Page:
Interview by Jenkin Au & Alan Ng
Words by Cornelius Suen
Photography by Jenkin Au
Toronto based artist and graffiti artist Allan Ryan, a.k.a. “UB5000,” is an advocate of the “learning by doing” school of thought. If you are stimulated by sitting in a classroom and drawing what you are told to draw, then by all means, do that. However, Allan believes that experimentation will help an artist progress in how they express themselves better than following the rules of others, and credits actually doing graffiti by scaling buildings and running around under the cover of night to paint on buildings as a great way to learn how to be an artist. A student of both institutionally taught and self taught art, Allan prefers the former style of learning simply because he was just bored to death of art school. While art school helped hone his fundamental skills, his progression as an artist and his ability to express himself artistically were skills learnt best with real world experiences. In this interview, Allan tells justalilhype! about his life as an artist, his sketchbook of ideas, and traveling is an integral learning tool to an artist’s artistic progression. Keep your eyes out and you may see an intricate animal themed mural in a neighbourhood near you, courtesy of UB5000.
Can you tell us about yourself?
Hey, my name is Allan Ryan and I live in downtown Toronto. I write “uber”. My alias is UB5000 because “uber” was taken on the internet. I paint a lot of little chickens and birds and stuff. People seem to like them so I paint them. I chose the number 5000 for my alias because $5,000 is how much money I want to make every day. It’s true. I am not currently at that rate, but it’s where I want to be.
Tell us about the sketchbook and things that you sketch. Do you use the sketchbook to lay down the foundation for future projects or is it just an outlet for artistic expression?
I carry it around with me because it is a good, portable book. It’s been through a lot of abuse. I have had to glue pages back together. Writing or drawing in the sketchbook gives me something to do with my time while I am waiting around at all times during a day. It gives me something productive to do with my time. The more things you draw, the more things that you draw out of your mind, and the more things you can take from life, the better you will be able to create something. If you sit there drawing 300 bicycles, you may be able to design a unique bicycle later on. I am collecting things that I can draw from my memory later on. The sketchbook doesn’t have any commercial application. It’s just stuff going on through my head that I want to put down on paper.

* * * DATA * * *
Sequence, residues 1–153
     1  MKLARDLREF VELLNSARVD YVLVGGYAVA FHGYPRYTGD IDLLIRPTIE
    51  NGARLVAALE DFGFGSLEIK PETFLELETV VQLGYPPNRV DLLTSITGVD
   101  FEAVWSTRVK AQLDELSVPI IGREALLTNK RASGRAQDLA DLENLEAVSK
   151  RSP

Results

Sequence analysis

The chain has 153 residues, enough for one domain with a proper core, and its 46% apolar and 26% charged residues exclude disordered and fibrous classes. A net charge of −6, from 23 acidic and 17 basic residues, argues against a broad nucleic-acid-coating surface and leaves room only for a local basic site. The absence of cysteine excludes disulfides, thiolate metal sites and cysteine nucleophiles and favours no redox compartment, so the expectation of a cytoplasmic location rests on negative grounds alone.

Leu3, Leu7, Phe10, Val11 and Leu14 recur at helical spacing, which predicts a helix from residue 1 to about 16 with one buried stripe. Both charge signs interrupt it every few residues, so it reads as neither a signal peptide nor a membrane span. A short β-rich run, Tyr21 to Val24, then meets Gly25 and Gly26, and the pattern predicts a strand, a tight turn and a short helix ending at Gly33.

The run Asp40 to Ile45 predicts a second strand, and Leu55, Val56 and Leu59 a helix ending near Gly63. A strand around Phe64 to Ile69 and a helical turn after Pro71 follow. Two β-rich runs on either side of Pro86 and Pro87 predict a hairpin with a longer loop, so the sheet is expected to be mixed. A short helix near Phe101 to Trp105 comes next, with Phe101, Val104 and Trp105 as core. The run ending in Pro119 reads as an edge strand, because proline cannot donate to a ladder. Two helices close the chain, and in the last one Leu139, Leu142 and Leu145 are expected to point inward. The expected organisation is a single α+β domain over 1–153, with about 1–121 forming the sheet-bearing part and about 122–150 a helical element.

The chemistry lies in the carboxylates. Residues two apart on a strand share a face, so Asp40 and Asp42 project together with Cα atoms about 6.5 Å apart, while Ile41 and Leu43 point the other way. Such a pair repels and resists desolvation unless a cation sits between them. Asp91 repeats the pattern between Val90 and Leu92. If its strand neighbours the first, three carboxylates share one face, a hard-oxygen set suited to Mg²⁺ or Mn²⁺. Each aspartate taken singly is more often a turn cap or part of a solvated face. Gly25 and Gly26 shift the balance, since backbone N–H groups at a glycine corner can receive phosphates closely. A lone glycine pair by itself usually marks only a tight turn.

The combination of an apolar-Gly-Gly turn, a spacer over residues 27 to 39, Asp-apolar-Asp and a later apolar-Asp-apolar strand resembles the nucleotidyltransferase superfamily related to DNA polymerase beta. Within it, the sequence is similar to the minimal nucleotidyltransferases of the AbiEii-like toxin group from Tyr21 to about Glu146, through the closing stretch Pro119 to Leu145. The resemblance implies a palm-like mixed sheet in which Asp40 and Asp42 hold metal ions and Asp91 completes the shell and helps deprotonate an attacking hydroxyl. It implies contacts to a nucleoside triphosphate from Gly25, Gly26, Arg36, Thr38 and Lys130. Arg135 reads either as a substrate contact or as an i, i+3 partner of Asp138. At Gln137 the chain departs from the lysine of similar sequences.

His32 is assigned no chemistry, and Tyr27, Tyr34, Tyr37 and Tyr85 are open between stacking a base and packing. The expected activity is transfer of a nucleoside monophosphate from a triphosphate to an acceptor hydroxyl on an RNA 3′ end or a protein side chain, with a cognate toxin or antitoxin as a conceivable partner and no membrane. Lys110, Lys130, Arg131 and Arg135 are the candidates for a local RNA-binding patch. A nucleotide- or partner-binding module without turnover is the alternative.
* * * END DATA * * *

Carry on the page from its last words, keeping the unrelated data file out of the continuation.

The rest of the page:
Looking at your artwork, especially your skylines and bridges, you are a talented artist. Not only do you work in different mediums but you can differentiate styles and tones as well. Has this ever been a restriction for you when you try to show your identity as an artist?
I am not trying to tell people what my identity is through my art. I am not trying to make my art all about me. It’s about little cute chickens! A lot of the drawings that I do in my book are more personal things that I do for myself. I have like eight books but I have only put one on the internet. I guess it’s never been an issue for me, saying, “ok, you all need to know who I am inside!” I mean, who knows who they really are? You need to be in touch with yourself before you can tell others about yourself.
Throughout your youth, you have been in arguments regarding art with your peers and teachers, it’s happened a few times. Tell us about how your rebellious nature developed the direction of your art while growing up.